When a baby is conceived, they inherit 2 copies of every gene; one from each parent. MTHFR is the name of one particular gene, out of thousands, that each person has 2 copies of. The gene codes for an enzyme called “methylenetetrahydrofolate reductase”, which is responsible for the conversion of dietary folate (vitamin B-9 or folic acid) into its biologically active form, L-methylfolate, to be used by your cells.

There is a certain version of this genetic code that makes the right amount of working enzyme so that every time folate or folic acid (the synthetic version of folate often in supplements or added to fortified foods) is consumed, cells convert it to L-methylfolate and continue their biological processes efficiently.

Unfortunately, many people have a slight change to the code in either one or both copies of their MTHFR gene. A difference in a code for a certain gene is known as a “mutation”, “variant”, or “polymorphism” depending on the context.

Even if only one nucleotide in the MTHFR gene code is different, the enzyme may either be produced incorrectly or be produced in such a low abundance that the normal, downstream biological processes cannot continue at a healthy rate.

The severity of this biological hold-up depends on where in the gene code the difference occurs, and whether the person has inherited one or two copies of a dysfunctional gene [1].

Some of these changes to the code are more common than others. At least 40 different rare mutations have been documented in the MTHFR gene, but there are 2 variants that are strikingly common [2].

The C677T mutation is the most common, commonly studied, and thought to be very biologically important, due to the number of diseases and defects it has been associated with [1].

C677T and another variant, A1298C, have both been implicated in MTHFR enzyme deficiency associated with hyperhomocysteinemia (too-high homocysteine levels in the blood) (link here to the high homocysteine article), which has been previously implicated as a risk factor for cardiovascular disease, among other maladies [3].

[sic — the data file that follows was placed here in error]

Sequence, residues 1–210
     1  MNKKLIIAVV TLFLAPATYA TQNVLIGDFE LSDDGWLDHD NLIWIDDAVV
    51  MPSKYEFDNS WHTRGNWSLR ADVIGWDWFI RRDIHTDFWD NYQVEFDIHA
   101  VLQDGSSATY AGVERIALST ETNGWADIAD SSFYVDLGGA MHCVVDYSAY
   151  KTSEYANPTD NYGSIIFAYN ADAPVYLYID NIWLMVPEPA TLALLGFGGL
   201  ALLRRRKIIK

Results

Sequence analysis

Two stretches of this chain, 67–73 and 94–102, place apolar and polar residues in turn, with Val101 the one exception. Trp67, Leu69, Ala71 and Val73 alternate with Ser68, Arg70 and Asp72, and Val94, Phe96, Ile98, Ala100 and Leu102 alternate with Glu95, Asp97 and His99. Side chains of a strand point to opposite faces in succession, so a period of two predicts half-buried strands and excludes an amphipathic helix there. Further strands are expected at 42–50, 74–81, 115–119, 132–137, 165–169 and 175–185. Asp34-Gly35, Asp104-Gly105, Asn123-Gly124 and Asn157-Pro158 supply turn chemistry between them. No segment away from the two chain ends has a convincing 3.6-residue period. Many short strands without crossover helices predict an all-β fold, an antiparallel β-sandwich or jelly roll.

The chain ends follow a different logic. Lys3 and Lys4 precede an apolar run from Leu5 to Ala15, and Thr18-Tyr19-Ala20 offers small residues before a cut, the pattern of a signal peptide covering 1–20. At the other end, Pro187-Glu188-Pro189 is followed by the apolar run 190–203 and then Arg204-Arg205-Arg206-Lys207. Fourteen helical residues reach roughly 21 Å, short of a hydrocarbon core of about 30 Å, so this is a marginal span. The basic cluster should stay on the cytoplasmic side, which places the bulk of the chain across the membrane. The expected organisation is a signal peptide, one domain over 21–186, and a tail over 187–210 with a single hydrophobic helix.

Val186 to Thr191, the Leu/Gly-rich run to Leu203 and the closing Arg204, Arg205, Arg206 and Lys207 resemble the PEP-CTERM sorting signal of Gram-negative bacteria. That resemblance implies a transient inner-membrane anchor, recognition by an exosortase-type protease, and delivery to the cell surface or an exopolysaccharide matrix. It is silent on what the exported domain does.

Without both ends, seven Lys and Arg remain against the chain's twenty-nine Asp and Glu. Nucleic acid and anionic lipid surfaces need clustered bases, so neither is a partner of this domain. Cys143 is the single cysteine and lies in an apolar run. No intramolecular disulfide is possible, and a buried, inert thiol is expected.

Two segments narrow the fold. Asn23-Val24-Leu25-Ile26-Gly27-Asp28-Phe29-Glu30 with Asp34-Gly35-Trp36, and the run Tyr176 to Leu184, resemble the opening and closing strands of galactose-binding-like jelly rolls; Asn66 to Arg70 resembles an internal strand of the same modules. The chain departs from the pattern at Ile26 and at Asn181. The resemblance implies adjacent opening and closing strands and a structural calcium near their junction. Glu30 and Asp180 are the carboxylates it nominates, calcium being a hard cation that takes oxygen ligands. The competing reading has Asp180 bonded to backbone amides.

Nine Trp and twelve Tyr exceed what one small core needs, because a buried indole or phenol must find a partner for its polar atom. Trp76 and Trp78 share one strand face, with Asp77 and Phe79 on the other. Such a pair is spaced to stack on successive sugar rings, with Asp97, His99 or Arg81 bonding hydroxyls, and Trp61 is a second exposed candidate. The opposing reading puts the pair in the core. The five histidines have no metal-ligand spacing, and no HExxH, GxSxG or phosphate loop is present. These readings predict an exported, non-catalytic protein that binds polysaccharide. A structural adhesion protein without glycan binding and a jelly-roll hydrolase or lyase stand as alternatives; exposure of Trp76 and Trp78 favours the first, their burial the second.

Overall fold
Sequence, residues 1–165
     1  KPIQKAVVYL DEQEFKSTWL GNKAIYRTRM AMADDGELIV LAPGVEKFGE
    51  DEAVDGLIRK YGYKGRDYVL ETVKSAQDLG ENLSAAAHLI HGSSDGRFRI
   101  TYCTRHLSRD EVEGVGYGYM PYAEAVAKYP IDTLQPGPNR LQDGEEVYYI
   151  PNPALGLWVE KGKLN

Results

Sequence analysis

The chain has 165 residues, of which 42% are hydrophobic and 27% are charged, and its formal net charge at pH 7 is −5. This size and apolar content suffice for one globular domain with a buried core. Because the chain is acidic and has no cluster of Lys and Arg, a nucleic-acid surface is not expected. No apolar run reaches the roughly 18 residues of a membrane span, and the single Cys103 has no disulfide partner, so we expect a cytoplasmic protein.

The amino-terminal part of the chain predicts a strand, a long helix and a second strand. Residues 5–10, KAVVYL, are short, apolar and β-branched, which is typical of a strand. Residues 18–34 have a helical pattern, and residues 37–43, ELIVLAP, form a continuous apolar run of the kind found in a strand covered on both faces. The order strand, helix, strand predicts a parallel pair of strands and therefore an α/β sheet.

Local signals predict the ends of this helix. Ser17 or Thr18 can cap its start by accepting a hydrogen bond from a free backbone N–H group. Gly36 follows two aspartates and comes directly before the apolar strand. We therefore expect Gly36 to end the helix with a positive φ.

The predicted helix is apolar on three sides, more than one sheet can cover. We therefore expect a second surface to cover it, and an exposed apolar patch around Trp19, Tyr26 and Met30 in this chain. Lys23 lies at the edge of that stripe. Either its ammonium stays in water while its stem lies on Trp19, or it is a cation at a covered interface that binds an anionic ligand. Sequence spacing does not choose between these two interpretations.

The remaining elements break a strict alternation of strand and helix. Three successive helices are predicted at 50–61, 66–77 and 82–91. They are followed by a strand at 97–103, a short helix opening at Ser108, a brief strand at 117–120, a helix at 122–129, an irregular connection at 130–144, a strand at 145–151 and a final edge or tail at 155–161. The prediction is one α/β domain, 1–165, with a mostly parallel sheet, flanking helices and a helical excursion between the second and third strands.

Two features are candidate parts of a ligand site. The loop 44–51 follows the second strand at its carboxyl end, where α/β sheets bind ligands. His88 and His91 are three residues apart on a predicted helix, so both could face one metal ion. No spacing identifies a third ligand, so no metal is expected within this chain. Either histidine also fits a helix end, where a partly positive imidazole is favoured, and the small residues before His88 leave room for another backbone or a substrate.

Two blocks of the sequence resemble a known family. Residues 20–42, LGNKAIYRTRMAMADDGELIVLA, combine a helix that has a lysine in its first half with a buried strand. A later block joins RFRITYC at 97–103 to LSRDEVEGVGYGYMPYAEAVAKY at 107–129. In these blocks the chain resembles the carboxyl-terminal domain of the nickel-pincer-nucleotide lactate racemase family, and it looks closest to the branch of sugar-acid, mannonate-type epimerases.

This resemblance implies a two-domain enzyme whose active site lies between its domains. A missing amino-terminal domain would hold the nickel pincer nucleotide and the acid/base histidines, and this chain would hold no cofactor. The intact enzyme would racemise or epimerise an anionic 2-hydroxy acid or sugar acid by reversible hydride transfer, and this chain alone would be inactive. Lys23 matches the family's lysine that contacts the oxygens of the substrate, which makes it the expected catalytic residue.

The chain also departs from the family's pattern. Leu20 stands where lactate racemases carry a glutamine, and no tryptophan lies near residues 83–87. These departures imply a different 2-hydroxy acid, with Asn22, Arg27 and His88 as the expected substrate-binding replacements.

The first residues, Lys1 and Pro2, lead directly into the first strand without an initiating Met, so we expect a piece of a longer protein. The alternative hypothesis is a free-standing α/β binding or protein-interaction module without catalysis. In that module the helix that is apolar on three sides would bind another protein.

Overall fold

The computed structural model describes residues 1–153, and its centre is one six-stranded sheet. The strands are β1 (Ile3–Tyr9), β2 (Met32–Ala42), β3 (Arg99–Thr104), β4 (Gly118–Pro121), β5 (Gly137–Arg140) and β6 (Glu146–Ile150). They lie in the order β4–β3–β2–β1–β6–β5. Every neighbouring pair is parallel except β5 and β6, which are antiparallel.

Furthermore, the presence of both of these variants, with and without elevated homocysteine levels, have been studied in relation to multifactorial disorders:

  • Cardiovascular disease
  • Thrombosis
  • Pregnancy complications or recurrent pregnancy loss
  • Neural tube defects
  • Cancer risk
  • Psychiatric disease
  • Neurodevelopmental disorders [3].

Studies also suggest that women with two copies of the C677T gene variant (homozygous) are twice as likely to have a child with a neural tube defect [2].

Who is affected by MTHFR?

Interestingly, although variations in the MTHFR gene are quite common, they are not uniformly distributed worldwide. Certain regions of the world see far more cases of MTHFR-related deficiencies than others.

It has been estimated that about 50% of people carry at least one copy of a less-effective MTHFR gene variant [4]. And although more than 40 different polymorphisms of the gene have been identified, 24% of the global population is likely to carry the C677T mutation specifically.

Continentally speaking, C677T is least common in Africans (at a frequency of 10.3%) and more common in North Americans and Europeans (31.2% and 34%, respectively), with South America, Asia, and Australia falling in between.

An example of such was demonstrated in a study that stated the level of UV radiation in a region was a stronger predictor of C677T than latitude [6]. We also know that environmental toxins can have epigenetic effects on methylation and MTHFR expression.

It is important to remember that these factors may play a significant role in the health repercussions of MTHFR polymorphisms, depending on where and how you live.


  1. Yadav, Upendra, et al. “Distribution of MTHFR C677T gene polymorphism in healthy North Indian population and an updated meta-analysis.” Indian Journal of Clinical Biochemistry 32.4 (2017): 399-410.
  2. NIH. MTHFR gene variant. Genetic and Rare Diseases Information Center. Accessed May 6, 2019. https://rarediseases.info.nih.gov/diseases/10953/mthfr-gene-mutation
  3. Levin, Brooke Levenseller, and Elizabeth Varga. “MTHFR: addressing genetic counseling dilemmas using evidence-based literature.” Journal of genetic counseling 25.5 (2016): 901-911.
  4. Kaiser Permanente. “Basic Information About the MTHFR Gene.” The Permanente Medical Group, Inc. Copyright 2015, last reviewed 2018. https://mydoctor.kaiserpermanente.org/ncal/Images/GEN_MTHFR_tcm63-938252.pdf
  5. Contreras-Cubas, Cecilia, et al. “Heterogenous distribution of MTHFR gene variants among Mestizos and diverse Amerindian groups from Mexico.” PloS one 11.9 (2016): e0163248.
  6. Yafei, Wang, et al. “Is the prevalence of MTHFR C677T polymorphism associated with ultraviolet radiation in Eurasia?.” Journal of human genetics 57.12 (2012): 780.